UNC Multimedia Bootcamp is where I got my first taste of journalistic documentary video storytelling. Not that this was my first video ever; I will confess to having made some terribly sophomoric sketch comedy using a video camera rented from the local mom-and-pop equivalent of Blockbuster Video back in the day.

While it wasn’t a boot camp in the “drop your *something* and grab your socks” kind of way, it definitely was a crash course. Remember that scene in Wayne’s World 2, where they had roadie training, and the veteran roadie who had bludgeoned a sweet shop owner to death with his own shoes to get brown M&M’s in order to get a band on stage was introducing himself? And he said, “You will hurt. You will have aches and pains. But you will get good.”

We got … well, competent enough after one week.

Afterward, I got a LOT of practice shooting a road trip to ancient Navajo and Hopi ruins in the Southwest with my father, an interview with a fascinating lady who is a muzzleloader shooting champion with a passion for creating Indian beadwork, and a piece on a mixed martial artist in Syracuse. So come to think of it, given the demands of producing research for academic presses on a regular basis, I’ve gotten more experience at this game than I thought.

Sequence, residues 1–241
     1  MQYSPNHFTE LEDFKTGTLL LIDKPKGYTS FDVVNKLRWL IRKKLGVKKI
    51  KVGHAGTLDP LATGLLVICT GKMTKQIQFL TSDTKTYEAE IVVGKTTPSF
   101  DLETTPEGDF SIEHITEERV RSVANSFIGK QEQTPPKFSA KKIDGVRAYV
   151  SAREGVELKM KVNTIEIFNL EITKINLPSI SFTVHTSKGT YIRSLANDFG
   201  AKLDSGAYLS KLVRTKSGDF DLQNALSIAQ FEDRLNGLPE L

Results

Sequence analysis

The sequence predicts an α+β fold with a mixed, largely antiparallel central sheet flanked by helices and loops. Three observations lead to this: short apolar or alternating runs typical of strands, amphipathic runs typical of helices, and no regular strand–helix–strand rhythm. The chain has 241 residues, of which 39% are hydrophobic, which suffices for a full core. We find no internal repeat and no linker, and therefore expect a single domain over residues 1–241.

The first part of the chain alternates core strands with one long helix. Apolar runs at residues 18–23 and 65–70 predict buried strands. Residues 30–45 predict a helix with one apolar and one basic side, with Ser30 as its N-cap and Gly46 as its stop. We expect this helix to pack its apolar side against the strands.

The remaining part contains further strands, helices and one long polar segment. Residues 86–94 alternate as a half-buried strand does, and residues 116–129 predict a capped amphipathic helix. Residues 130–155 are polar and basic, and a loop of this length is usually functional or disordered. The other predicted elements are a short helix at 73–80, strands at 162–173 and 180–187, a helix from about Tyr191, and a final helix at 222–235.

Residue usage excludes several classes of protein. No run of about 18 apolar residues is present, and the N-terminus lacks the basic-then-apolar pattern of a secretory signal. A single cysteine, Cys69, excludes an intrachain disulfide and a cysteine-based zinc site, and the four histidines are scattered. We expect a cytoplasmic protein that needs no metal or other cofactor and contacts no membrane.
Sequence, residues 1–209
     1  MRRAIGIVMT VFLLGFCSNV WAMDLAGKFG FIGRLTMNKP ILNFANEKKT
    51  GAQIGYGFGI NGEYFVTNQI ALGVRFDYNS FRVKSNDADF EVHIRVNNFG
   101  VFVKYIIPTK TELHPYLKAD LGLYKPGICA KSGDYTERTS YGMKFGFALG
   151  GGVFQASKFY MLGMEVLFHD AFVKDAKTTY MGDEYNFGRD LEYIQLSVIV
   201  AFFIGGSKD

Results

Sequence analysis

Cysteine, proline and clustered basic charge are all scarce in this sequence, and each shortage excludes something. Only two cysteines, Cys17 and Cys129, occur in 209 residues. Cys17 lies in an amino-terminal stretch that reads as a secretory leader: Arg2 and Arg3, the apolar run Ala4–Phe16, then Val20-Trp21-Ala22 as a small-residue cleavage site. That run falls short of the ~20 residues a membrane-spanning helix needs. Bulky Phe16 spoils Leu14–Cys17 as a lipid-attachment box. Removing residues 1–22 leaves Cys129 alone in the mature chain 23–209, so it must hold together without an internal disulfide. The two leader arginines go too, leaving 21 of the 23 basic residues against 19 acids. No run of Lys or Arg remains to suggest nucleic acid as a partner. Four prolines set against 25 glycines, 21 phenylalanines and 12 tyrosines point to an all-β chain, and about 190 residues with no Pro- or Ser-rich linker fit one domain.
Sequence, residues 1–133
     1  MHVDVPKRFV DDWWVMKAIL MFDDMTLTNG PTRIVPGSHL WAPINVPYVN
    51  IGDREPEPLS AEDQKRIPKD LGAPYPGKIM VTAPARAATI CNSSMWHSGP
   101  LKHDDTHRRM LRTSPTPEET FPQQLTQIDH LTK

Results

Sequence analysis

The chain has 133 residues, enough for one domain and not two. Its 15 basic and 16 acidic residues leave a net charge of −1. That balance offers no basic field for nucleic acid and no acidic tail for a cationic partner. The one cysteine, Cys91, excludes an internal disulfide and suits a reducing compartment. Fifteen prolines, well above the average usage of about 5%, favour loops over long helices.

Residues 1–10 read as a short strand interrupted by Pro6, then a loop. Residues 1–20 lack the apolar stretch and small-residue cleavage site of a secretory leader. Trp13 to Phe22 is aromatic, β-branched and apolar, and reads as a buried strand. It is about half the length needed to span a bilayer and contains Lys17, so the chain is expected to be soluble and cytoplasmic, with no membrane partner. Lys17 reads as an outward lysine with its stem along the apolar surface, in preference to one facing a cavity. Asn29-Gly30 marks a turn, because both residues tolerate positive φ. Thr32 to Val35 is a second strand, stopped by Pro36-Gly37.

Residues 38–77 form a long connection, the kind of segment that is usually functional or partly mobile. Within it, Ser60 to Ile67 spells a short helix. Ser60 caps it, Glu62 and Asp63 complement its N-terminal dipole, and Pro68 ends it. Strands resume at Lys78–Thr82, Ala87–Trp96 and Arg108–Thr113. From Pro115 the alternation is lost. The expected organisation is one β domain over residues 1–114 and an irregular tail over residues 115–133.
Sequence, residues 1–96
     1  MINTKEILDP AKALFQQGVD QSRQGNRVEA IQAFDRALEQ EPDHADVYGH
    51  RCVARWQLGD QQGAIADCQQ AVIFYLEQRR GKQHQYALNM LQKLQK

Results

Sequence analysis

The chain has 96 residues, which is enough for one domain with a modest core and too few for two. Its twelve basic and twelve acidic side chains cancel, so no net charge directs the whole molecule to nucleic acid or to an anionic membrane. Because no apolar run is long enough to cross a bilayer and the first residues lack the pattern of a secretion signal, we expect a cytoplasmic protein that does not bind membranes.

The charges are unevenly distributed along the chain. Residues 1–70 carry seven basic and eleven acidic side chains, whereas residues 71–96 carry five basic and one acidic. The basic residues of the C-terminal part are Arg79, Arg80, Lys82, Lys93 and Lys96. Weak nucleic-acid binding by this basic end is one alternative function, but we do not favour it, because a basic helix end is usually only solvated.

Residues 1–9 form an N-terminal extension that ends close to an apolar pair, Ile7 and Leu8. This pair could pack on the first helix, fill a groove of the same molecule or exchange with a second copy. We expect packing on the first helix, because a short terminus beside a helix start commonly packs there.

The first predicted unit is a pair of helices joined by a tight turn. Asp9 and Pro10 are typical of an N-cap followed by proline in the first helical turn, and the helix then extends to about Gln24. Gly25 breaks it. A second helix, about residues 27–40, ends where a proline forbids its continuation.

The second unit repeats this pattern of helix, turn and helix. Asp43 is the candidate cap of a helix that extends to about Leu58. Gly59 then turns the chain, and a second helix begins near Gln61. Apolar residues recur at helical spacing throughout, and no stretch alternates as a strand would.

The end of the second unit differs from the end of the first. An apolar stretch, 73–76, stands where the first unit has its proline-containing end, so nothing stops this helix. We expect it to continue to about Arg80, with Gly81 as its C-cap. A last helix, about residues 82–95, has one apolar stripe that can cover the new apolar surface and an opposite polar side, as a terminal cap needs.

UNC Multimedia Bootcamp is what got me up and running.

In just a week, we learned best practices for online video shooting and editing, basic html coding, interviewing for video and audio projects, and how all the elements of soundbites, natural sound, room tone, and voiceover-less editing combine with video footage to let the characters tell the story while the reporters stayed behind the camera or off to the side while conducting the interview.

We learned to become, as I tell my Multimedia Journalism students, Men in Black.

Our only presence is the standalone answers and reactions from interview subjects that we prompted with our carefully worded questions and by biting our tongues, smiling, nodding, and using the “dumb dog” expression while keeping our mouths shut and resisting the temptation to say, “Uh-huh … interesting … go on ….”

My assignment partner Tom Salyer, a freelance photographer from Miami, and I hit up a dozen businesses in downtown Chapel Hill and Carrboro, N.C., before we found someone willing to talk on camera and let us into their lives for a couple of hours of interviewing and B-roll filming.

This is the result.

Barry “Sid” Keith is just the best for letting us in. From one Tar Heel to another, thanks, Sid!

Barry "Sid" Keith's secondhand shop Sid's Surplus has been a fixture in downtown Carrboro, N.C., for decades.

Barry “Sid” Keith’s secondhand shop Sid’s Surplus has been a fixture in downtown Carrboro, N.C., for decades.